|Publication number||US7088284 B2|
|Application number||US 10/715,341|
|Publication date||Aug 8, 2006|
|Filing date||Nov 16, 2003|
|Priority date||Nov 16, 2003|
|Also published as||US20050104764|
|Publication number||10715341, 715341, US 7088284 B2, US 7088284B2, US-B2-7088284, US7088284 B2, US7088284B2|
|Original Assignee||Preco Electronics, Inc.|
|Export Citation||BiBTeX, EndNote, RefMan|
|Patent Citations (12), Referenced by (11), Classifications (8), Legal Events (5)|
|External Links: USPTO, USPTO Assignment, Espacenet|
1. Field of the Invention
The present invention relates generally to the field of personnel safety, and more specifically, the invention relates to a portable proximity-sensing system which serves to establish a safety zone for individuals engaged in activity near a potentially hazardous area. The portable proximity-sensing system alerts an individual near or within a safety zone that there has been undesirable breach of the safety zone.
2. Related Art
Following are some related art/technical paper references:
“Micropower Impulse Radar: ‘Genie on a Chip’ technology opens many new doors for U.S. industry” at URL http://www.lln1.gov/IPand C/op96/10/100-mic.html as of Nov. 28, 1998.
“Micropower Impulse Radar (MIR)” at URL http://www-lasers.lln1.gov/lasers/idp/mir/mir.html as of Nov. 11, 1998.
“Micropower Impulse Radar: MIR Technology Overview” at URL http://lasers.lln1.gov/lasers/idp/mir/overview.html as of Nov. 11, 1998.
“Micropower Impulse Radar: MIR FAQ'3” at URL http://lasers.lln1.gov/lasers/idp/mir/faqs.html as of Nov. 11, 1998.
“Micropower Impulse Radar”; Science & Technology Review January/February 1996; pp. 16–27.
“Micropower Impulse Radar: Electronic Trip Wire” at URL http://lasers.lln1.gov/lasers/idp/mir/tripwire.html as of Nov. 11, 1998.
“Micropower Impulse Radar: MIR Strip Proximity Sensor (Smart Wire)”at URL http://lasers.lln1.gov/lasers/idp/mir/smartwire.html as of Nov. 11, 1998.
In U.S. Pat. No. 5,436,613, “System for detecting human presence in hazardous locations,” inventor Ghosh, et al. relates to a system for the detection of human presence in hazardous situations near moving machinery, where radio-frequency signal of appropriate frequency and voltage is applied to electrodes creating an electric field around them. If a foreign object is introduced into the field, the characteristics of the dielectric are modified creating a change of the value of the dissipation factor. Thus, the system detects human presence by noting the increase of the dissipation factor above a threshold value.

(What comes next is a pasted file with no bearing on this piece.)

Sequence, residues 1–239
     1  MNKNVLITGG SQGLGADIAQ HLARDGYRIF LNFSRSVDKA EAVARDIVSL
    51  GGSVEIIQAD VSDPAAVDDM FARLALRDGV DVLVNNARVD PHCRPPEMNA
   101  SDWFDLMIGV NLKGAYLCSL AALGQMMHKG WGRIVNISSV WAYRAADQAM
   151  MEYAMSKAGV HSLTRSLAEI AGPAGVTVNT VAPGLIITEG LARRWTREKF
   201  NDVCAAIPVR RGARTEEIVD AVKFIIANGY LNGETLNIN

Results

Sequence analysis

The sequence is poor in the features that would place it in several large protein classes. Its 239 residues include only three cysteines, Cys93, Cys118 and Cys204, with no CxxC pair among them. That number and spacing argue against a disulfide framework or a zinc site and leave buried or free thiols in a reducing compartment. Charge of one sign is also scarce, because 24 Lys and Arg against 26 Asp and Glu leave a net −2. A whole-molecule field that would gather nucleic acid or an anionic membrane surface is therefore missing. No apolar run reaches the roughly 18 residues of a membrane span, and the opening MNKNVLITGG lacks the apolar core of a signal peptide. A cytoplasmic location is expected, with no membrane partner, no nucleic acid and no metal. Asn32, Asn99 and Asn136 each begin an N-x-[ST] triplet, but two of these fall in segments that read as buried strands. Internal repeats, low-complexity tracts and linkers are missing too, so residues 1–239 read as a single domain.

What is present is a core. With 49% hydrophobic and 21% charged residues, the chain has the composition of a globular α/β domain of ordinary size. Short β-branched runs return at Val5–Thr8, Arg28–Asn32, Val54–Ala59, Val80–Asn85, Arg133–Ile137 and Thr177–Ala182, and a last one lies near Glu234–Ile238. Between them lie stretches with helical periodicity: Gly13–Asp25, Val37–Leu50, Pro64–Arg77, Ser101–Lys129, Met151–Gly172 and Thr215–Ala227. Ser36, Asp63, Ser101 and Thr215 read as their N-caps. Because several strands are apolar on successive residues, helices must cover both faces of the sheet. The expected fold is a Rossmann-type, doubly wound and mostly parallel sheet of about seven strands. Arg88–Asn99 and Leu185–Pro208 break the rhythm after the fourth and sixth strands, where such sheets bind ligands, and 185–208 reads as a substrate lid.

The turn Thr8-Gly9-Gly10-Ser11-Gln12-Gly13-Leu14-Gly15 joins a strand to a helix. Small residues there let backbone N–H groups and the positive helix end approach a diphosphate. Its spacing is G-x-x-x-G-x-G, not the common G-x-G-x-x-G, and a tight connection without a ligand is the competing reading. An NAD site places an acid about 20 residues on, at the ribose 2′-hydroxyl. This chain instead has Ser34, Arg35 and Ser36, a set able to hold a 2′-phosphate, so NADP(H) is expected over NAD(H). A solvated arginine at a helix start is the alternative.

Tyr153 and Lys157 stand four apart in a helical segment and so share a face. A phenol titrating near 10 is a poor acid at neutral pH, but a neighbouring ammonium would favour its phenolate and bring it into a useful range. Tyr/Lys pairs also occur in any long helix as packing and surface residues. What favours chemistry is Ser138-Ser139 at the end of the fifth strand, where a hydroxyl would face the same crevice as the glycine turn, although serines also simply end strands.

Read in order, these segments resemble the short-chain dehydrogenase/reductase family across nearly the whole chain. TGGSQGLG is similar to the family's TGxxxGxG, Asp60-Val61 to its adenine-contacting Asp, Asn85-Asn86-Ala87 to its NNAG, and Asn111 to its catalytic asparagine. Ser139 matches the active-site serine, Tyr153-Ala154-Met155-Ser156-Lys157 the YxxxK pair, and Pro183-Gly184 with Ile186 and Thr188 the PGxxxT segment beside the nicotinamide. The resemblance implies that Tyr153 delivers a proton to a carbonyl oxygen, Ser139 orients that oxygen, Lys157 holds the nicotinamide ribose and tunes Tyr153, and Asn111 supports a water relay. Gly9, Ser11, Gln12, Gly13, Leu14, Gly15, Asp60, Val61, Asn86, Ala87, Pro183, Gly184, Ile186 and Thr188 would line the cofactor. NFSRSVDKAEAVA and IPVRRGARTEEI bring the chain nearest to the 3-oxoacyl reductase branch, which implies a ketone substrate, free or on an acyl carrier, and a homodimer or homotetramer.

In U.S. Pat. No. 5,760,686, “Assembly and method for detecting errant vehicles and warning work zone personnel thereof,” inventor Toman describes a system that incorporates a detector array with one or more transmitters for emitting pulsed infrared signals along the work zone perimeter and a strobe light array for announcing when a vehicle or object has crossed into the work area perimeter.
In U.S. Pat. No. 5,939,986, “Mobile machine hazardous working zone warning system,” inventor Schiffbauer, et al. describes a system, which utilizes a transmitter with directional antenna loops strung along the machine so as to create a magnetic field that surrounds the machine. The warning system further includes, as another component, a receiver carried by an individual, which alarms when the user enters the working zone of the machine.
In U.S. Pat. No. 6,288,651, “Portable roadway perimeter alarm,” inventor Souza describes a system that uses shock or impact sensors mounted into highway marker/warning cones or uses a pressure sensitive switch that is activated by running over a pneumatic hose to activate a radio beacon that warns workers of a work-zone perimeter violation.
In U.S. Pat. No. 6,340,139 B1, “A highway grade crossing vehicle violation detector,” inventor Hilleary describes an alarm monitor for a railroad grade crossing, the grade crossing having an island activation relay that is activated in response to an approaching train, the alarm monitor including a micropower impulse radar (MIR) responsive to pedestrians and motor vehicles in a prohibited area of the crossing island during activations.
In U.S. Pat. No. 6,351,234, “Combination microwave passive infrared motion detector with anti-masking evaluation,” inventor Choy describes a motion detector system with microwave and passive infrared sensors, with signal processing logic for initiating an anti-masking evaluation upon detection of certain conditions. The detector samples the sensor signals and compares the signals to a series of possible outcomes, where some of the possible outcomes represent masking conditions and others represent normal conditions. A match with masking conditions results in an alarm signal being generated.